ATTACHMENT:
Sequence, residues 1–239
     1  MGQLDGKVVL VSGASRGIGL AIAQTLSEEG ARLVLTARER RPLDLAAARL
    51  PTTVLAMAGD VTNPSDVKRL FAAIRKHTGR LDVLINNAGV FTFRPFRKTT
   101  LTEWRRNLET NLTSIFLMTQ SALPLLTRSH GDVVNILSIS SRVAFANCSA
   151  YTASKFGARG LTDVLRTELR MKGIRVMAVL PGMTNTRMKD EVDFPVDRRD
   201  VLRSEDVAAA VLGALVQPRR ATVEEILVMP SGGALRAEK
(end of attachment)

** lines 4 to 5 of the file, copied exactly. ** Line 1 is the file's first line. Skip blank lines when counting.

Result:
   101  LTEWRRNLET NLTSIFLMTQ SALPLLTRSH GDVVNILSIS SRVAFANCSA
   151  YTASKFGARG LTDVLRTELR MKGIRVMAVL PGMTNTRMKD EVDFPVDRRD